New Twists for Employer Health Care Mandate

Second delay approved for medium-sized firms

The mandate for some employers to provide affordable health insurance coverage to workers will take effect in the near future. However, for some firms, it will be a case of later rather than sooner.

Background: Under the Patient Protection and Affordable Care Act of  2010 (the PPACA), an employer with 50 or more full-time employees (FTEs) must provide minimum essential health care insurance to eligible employees or risk being penalized. The annual penalty is $2,000 per employee (calculated on a monthly basis). For this purpose, an FTE is someone working an average of 30 or more hours per week.

Initially, this requirement was scheduled to take effect on January 1, 2014 (coinciding with the requirement for individuals to obtain health insurance coverage). However, in 2013 the government postponed the deadline for one year, to January 1, 2015.

The new regulations clarify the rules for small-business employers of fewer than 50 FTEs, medium employers with between 50 and 99 FTEs, and large employers with 100 or more FTEs.

  1. Small employers: These employers continue to be exempt from the employer mandate. In addition, the new regulations state that small employers don’t have to fill out any forms relating to the PPACA. Note: The smallest employers represent an overwhelming majority (approximately 96%) of all the nation’s firms.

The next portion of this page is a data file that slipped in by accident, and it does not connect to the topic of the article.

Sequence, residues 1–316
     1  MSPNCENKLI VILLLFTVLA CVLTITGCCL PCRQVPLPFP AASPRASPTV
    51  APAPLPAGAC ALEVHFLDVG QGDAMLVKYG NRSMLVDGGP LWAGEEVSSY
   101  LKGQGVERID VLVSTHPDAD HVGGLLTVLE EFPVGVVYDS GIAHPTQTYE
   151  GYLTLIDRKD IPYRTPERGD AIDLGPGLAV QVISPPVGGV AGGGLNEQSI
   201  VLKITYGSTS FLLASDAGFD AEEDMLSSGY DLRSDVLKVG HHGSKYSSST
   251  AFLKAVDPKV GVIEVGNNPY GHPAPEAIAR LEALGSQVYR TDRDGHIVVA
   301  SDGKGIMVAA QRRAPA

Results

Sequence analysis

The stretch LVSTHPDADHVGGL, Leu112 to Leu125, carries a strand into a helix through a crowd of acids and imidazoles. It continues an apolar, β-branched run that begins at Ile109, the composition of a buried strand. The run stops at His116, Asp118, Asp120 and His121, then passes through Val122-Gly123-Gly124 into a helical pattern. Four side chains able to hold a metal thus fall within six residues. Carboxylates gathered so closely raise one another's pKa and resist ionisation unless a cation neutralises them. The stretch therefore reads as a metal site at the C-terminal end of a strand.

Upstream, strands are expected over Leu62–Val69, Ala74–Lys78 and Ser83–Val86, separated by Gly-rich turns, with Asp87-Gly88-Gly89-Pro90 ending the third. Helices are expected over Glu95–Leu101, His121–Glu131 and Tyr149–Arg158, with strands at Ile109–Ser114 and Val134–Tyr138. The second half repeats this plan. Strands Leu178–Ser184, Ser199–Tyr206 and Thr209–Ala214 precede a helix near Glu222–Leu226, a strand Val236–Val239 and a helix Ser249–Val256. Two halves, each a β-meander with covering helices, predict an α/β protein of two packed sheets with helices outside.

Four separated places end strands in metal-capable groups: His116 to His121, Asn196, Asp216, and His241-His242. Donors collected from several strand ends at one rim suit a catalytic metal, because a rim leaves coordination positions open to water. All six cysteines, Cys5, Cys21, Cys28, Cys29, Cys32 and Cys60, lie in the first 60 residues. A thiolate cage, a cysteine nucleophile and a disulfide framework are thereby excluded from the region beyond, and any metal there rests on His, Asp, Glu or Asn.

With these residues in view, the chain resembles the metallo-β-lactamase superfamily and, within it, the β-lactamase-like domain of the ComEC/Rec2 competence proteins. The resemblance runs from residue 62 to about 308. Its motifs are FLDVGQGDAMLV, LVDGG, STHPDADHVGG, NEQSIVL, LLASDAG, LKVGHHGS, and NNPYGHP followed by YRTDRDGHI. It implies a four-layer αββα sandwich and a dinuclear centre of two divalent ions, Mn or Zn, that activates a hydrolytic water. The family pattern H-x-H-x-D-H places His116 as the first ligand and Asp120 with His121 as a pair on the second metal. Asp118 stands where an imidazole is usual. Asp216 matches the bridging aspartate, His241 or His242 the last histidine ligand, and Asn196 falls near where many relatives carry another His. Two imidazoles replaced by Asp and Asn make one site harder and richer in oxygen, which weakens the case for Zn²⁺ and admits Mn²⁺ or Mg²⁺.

2. Medium employers: This group will benefit from a second delay of the mandate. They do not have to comply with the rules until January 1, 2016, but must certify that they did not reduce their workforce to below 100 FTEs to qualify for the exemption.
  3. Large employers: Although large employers still face a January 1, 2015, deadline for the mandate, there is some relief. These employers were supposed to provide coverage to 95% of their full-time employees in 2015. However, under the final regulations, the standard is lowered to 70% in 2015 before increasing to 95% in 2016.

The final new regulations provide guidance in several other areas. Here are some of the highlights:

  • The definition of FTE is clarified. For instance, most seasonal workers who work for an employer for six months or less during the year will not be treated as FTEs.
  • As stated in previously issued proposed regulations, employers may look back to the prior year (i.e., “a lookback rule”) to help determine whether employees should be treated as FTEs.
  • The final regulations incorporate several safe harbor provisions in the proposed regulations that make it easier to determine if coverage is affordable to employees.
  • Under the new final regulations, employers may determine whether they had at least 100 FTEs in the previous year by referring to a six-month period instead of an entire year.
  • Finally, the regulations include several other transitional rules.

Other changes pertaining to the PPACA may be implemented before January 1, 2015. We will keep you posted on any important developments.